Mojave Flicks Review: The Rise Of Planet Of The Apes

Editor’s note: We all love movies, but rather than ask a syndicated columnist who has never visited our beautiful High Desert, we commissioned our own local movie critic: Nolan P. Smith to review films and give us a local perspective. Enjoy!

Miguel Gonzalez

Editor.

By Nolan Patrick Smith

High Desert Daily

(Victorville) Those damn, dirty apes are back again, but in a way you never saw coming. Now, an Apes movie was made in 2001 and met with mild success, would an origin story of the smart apes really be worth a shot?

Debuting as a UK novel in 1963, Planet of the Apes went on to become a smash hit film in 1968, starring the likes of Charlton Heston. With many sequels to its name, including the Tim Burton directed 2001 film, was another entry into this world needed? I can say for everyone on the fence about this one: I thought the same thing. Yet, upon watching the film, I walked away knowing I just saw one of the best films of 2011.

Set in modern day San Francisco, the story focuses around Dr. Will Rodman (James Franco), a man of the verge of creating a gene therapy that can cure Alzheimer’s disease, a personal issue as he desperately searches for a cure for his father (John Lithgow). This is what sets in motion the entire film, as chimpanzees are tested with this virus, and desired results are seen. The serum can help repair the mind, as well as improve it. One of the tested chimps has a child, Caesar, who becomes the star of the entire story. Snuck away by Rodman and raised as if he was a member of the family, Caesar shows an unexplained intelligence level, as well as very humanlike emotions and he bonds with Rodman and his father. Caesar is “played” by Andy Serkis, who also brought to life such CGI masterpieces as Gollum in the Lord of the Rings films and King Kong in the Peter Jackson remake.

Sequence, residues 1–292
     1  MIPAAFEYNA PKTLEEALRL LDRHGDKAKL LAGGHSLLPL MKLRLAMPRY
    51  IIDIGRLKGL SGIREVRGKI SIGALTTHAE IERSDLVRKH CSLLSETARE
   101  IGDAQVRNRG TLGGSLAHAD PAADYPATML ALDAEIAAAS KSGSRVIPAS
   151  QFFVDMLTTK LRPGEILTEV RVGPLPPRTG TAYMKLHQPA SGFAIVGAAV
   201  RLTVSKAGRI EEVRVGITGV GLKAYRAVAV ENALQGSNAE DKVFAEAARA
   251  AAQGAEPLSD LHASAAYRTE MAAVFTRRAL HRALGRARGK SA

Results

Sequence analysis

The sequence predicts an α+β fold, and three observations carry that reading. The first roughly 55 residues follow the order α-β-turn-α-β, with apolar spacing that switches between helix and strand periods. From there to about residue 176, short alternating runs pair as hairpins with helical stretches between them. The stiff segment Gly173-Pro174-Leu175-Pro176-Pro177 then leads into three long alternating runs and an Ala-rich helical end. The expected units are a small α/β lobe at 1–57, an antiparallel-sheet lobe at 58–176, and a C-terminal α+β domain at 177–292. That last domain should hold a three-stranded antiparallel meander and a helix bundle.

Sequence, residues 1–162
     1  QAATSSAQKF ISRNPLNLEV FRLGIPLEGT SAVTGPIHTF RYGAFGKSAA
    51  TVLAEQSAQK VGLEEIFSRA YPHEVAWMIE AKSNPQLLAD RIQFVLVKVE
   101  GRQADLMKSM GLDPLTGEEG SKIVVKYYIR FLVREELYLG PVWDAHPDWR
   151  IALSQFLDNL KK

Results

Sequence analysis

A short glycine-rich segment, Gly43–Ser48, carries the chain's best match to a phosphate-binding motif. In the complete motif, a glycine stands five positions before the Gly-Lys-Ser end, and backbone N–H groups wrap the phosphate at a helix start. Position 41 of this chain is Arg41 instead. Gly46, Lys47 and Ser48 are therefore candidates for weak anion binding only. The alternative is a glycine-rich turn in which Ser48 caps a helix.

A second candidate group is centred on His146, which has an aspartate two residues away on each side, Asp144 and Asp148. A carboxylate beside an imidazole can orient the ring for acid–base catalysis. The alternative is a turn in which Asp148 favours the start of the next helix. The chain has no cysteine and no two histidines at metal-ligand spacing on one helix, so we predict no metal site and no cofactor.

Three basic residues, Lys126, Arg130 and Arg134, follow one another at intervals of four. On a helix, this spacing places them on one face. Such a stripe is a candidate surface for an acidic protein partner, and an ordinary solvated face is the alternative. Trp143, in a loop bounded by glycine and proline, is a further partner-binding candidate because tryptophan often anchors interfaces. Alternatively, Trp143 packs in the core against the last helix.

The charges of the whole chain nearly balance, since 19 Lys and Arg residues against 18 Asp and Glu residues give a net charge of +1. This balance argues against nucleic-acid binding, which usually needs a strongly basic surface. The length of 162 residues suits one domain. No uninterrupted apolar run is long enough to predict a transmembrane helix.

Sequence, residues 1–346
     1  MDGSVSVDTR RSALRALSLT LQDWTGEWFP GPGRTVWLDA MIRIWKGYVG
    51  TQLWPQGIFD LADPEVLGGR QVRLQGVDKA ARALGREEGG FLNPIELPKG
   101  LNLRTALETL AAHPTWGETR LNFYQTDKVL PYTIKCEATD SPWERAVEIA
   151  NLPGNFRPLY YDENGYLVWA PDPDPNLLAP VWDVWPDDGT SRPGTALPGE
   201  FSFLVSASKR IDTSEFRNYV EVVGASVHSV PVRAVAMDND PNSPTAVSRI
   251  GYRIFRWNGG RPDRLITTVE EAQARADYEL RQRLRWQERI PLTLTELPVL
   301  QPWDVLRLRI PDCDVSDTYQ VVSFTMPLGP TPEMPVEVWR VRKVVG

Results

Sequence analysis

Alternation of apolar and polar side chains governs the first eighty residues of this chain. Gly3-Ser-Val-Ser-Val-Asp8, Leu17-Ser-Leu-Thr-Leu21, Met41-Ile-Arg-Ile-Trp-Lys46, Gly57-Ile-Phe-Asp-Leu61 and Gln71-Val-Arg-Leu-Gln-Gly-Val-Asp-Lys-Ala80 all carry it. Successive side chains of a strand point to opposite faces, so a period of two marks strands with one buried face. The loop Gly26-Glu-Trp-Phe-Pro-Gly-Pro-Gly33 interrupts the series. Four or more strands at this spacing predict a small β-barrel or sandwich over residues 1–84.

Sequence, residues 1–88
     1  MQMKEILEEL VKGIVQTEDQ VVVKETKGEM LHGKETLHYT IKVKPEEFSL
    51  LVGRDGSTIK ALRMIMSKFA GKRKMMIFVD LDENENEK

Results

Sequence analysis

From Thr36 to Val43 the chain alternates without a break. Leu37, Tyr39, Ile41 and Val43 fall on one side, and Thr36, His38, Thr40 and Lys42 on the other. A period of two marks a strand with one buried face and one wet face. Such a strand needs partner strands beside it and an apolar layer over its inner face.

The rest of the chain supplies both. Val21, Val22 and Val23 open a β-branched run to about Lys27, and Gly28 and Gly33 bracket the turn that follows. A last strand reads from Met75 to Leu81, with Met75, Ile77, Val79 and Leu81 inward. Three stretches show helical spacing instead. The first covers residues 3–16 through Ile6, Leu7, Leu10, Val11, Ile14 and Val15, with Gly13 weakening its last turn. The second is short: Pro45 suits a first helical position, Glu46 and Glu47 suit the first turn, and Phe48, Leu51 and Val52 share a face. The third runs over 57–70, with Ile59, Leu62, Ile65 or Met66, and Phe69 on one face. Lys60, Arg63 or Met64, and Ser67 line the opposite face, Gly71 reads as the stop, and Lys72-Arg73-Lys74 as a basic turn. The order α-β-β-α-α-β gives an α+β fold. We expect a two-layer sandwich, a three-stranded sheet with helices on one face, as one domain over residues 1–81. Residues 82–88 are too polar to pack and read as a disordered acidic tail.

Of course, there has to be a turning point, and there is. I don’t want to spoil anything for moviegoers, so I will just say that the build to that point is an emotional one, and it is one that sets the stage for the rise of the apes. Franco and Lithgow both deliver outstanding performances, but it is the loveable Caesar that stills the spotlight. His face wrought with emotions that we all feel, this movie really connects an audience to an inhuman character with ease. By the middle of the film, you will find yourself cheering for Caesar, hoping that the chimp wins in the end. The action of the up rise is spectacular and a little horrifying, as we can all see how out of luck we would all be if this film ever became a reality.

For me, this was not only the best of the Planet of the Apes franchise, but one of the best films of 2011. The story was spot on, the action delivered, and the ending felt earned and deserving. If the franchise continues to produce films of this caliber, they can count me amongst the fans waiting in line at the midnight opening showing.

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